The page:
As elaborated earlier in the previous section, there are many problems in the publication process in scientific journals. All of these problems slow down the process of knowledge advances. Many researchers have wasted a long time, resources and money as a result of facing these problems. Discussed the problems can be listed as follows:

  • Scientists waste a lot of time in order to find a suitable and relevant journal which covers the research topic in the journal’s scope.
  • Publication process takes a very long time and sometimes it gets the article outdated or similar to other researchers’ work.
  • Human decisions, as an Editor in Chief, Editor, or a peer, may not be neutral and impartial in many cases.
  • The current state of comments on the published papers are usually unpublished or published sporadically.
  • The impact factor of a journal is not a good criterion to measure the quality of a paper.
  • Researchers have to buy the other scientists articles despite the nature of publication is based on knowledge sharing and not business running.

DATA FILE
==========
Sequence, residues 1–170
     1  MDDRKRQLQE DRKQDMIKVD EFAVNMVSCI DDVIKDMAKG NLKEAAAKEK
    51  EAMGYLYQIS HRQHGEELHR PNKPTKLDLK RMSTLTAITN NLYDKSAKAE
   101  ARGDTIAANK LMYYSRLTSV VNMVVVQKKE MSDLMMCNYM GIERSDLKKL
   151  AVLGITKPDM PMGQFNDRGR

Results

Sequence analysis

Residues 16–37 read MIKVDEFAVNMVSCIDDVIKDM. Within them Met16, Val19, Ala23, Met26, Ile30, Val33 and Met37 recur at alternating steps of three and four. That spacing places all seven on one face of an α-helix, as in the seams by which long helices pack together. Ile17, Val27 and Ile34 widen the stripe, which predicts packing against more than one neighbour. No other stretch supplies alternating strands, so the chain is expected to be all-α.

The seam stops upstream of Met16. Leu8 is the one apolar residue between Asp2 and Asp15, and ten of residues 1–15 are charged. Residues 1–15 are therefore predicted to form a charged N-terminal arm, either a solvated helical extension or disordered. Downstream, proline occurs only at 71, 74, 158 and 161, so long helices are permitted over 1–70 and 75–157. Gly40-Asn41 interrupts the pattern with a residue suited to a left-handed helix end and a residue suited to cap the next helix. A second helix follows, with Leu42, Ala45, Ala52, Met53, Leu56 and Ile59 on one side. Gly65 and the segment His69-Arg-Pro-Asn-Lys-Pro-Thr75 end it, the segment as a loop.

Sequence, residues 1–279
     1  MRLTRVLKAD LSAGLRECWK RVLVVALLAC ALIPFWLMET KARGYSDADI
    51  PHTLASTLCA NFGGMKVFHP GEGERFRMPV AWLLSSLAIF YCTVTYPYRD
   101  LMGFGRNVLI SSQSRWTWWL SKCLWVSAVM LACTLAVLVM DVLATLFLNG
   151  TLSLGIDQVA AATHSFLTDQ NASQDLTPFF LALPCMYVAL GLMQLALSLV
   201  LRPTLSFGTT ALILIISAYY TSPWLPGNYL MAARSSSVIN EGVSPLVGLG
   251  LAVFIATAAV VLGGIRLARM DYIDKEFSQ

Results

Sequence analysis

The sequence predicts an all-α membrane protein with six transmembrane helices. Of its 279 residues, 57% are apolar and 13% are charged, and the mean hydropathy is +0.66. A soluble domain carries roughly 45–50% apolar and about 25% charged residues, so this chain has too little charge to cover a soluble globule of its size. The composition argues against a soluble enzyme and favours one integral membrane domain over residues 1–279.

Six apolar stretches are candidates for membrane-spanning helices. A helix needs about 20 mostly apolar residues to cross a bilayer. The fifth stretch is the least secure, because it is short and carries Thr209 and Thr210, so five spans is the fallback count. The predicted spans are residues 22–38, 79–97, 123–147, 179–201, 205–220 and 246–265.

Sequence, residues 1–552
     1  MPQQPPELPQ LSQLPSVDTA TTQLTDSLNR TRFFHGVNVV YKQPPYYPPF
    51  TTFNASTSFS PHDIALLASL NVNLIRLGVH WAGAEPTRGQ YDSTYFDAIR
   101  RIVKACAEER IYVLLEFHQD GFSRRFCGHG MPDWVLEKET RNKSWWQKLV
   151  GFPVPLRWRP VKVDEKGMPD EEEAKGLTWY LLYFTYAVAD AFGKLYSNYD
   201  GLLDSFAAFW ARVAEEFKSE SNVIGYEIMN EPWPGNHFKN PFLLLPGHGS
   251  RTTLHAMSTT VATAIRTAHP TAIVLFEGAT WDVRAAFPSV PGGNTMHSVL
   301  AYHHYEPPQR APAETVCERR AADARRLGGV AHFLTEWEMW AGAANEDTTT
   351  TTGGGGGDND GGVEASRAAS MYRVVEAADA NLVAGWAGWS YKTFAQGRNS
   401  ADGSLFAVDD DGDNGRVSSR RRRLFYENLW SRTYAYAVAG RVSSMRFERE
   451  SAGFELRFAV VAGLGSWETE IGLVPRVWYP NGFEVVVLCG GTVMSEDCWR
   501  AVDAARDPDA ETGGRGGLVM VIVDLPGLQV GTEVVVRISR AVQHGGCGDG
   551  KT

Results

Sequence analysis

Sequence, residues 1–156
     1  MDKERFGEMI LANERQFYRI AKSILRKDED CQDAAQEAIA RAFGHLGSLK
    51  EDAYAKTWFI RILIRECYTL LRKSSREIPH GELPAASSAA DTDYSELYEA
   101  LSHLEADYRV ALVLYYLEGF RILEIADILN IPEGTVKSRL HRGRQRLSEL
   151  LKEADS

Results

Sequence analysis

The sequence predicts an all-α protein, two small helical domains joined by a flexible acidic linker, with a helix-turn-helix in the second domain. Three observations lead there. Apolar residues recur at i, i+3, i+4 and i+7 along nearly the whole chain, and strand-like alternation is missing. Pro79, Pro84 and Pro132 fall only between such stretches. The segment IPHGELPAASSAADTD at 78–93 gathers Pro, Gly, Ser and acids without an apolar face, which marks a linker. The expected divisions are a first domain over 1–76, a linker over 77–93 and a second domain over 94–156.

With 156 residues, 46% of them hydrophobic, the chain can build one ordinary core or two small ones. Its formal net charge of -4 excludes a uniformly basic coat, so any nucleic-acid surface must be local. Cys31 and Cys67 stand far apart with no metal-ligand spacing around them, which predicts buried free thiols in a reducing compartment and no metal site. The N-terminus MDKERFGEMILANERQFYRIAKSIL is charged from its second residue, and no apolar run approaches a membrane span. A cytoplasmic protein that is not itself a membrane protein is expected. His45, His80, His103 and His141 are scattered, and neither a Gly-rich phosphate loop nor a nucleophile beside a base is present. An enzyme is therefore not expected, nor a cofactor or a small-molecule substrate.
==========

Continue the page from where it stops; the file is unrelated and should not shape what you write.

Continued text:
• Scientists do not earn money from their research impact, however, publishers earn a lot.
  • Email spamming is very common and usual on the published email address of the authors.
  • Political restrictions have been imposed on many scientists and nationalities.
  • The authorship share of the published contribution is not clearly identified.

The published content of the manuscripts is not flexible and interactive.


The existing problems in scientific publishing industry is clear crystal for many people, and these are not news. But no serious action is taken to fill these gaps and benefit the authors more instead of benefiting the publishers exclusively. Some ideal suggestions and objectives can be as follows:

  • To accelerate the publishing process as fast as possible